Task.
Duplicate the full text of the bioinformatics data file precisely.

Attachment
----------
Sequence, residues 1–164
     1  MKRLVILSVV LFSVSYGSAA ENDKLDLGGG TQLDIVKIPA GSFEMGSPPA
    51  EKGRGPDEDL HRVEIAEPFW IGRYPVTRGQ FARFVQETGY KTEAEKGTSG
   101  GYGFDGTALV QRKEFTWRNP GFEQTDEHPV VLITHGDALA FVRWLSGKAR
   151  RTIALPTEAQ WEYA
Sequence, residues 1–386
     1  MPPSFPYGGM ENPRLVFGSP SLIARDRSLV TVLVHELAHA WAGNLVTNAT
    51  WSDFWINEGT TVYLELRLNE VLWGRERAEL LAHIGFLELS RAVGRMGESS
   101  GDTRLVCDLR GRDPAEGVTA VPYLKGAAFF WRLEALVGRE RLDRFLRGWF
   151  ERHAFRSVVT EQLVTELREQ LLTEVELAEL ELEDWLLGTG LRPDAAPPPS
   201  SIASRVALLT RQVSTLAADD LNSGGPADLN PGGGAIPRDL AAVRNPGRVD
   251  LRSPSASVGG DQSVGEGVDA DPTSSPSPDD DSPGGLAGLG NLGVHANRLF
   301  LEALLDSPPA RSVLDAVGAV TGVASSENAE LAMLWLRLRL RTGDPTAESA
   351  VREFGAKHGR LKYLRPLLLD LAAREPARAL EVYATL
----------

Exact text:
Sequence, residues 1–164
     1  MKRLVILSVV LFSVSYGSAA ENDKLDLGGG TQLDIVKIPA GSFEMGSPPA
    51  EKGRGPDEDL HRVEIAEPFW IGRYPVTRGQ FARFVQETGY KTEAEKGTSG
   101  GYGFDGTALV QRKEFTWRNP GFEQTDEHPV VLITHGDALA FVRWLSGKAR
   151  RTIALPTEAQ WEYA
Sequence, residues 1–386
     1  MPPSFPYGGM ENPRLVFGSP SLIARDRSLV TVLVHELAHA WAGNLVTNAT
    51  WSDFWINEGT TVYLELRLNE VLWGRERAEL LAHIGFLELS RAVGRMGESS
   101  GDTRLVCDLR GRDPAEGVTA VPYLKGAAFF WRLEALVGRE RLDRFLRGWF
   151  ERHAFRSVVT EQLVTELREQ LLTEVELAEL ELEDWLLGTG LRPDAAPPPS
   201  SIASRVALLT RQVSTLAADD LNSGGPADLN PGGGAIPRDL AAVRNPGRVD
   251  LRSPSASVGG DQSVGEGVDA DPTSSPSPDD DSPGGLAGLG NLGVHANRLF
   301  LEALLDSPPA RSVLDAVGAV TGVASSENAE LAMLWLRLRL RTGDPTAESA
   351  VREFGAKHGR LKYLRPLLLD LAAREPARAL EVYATL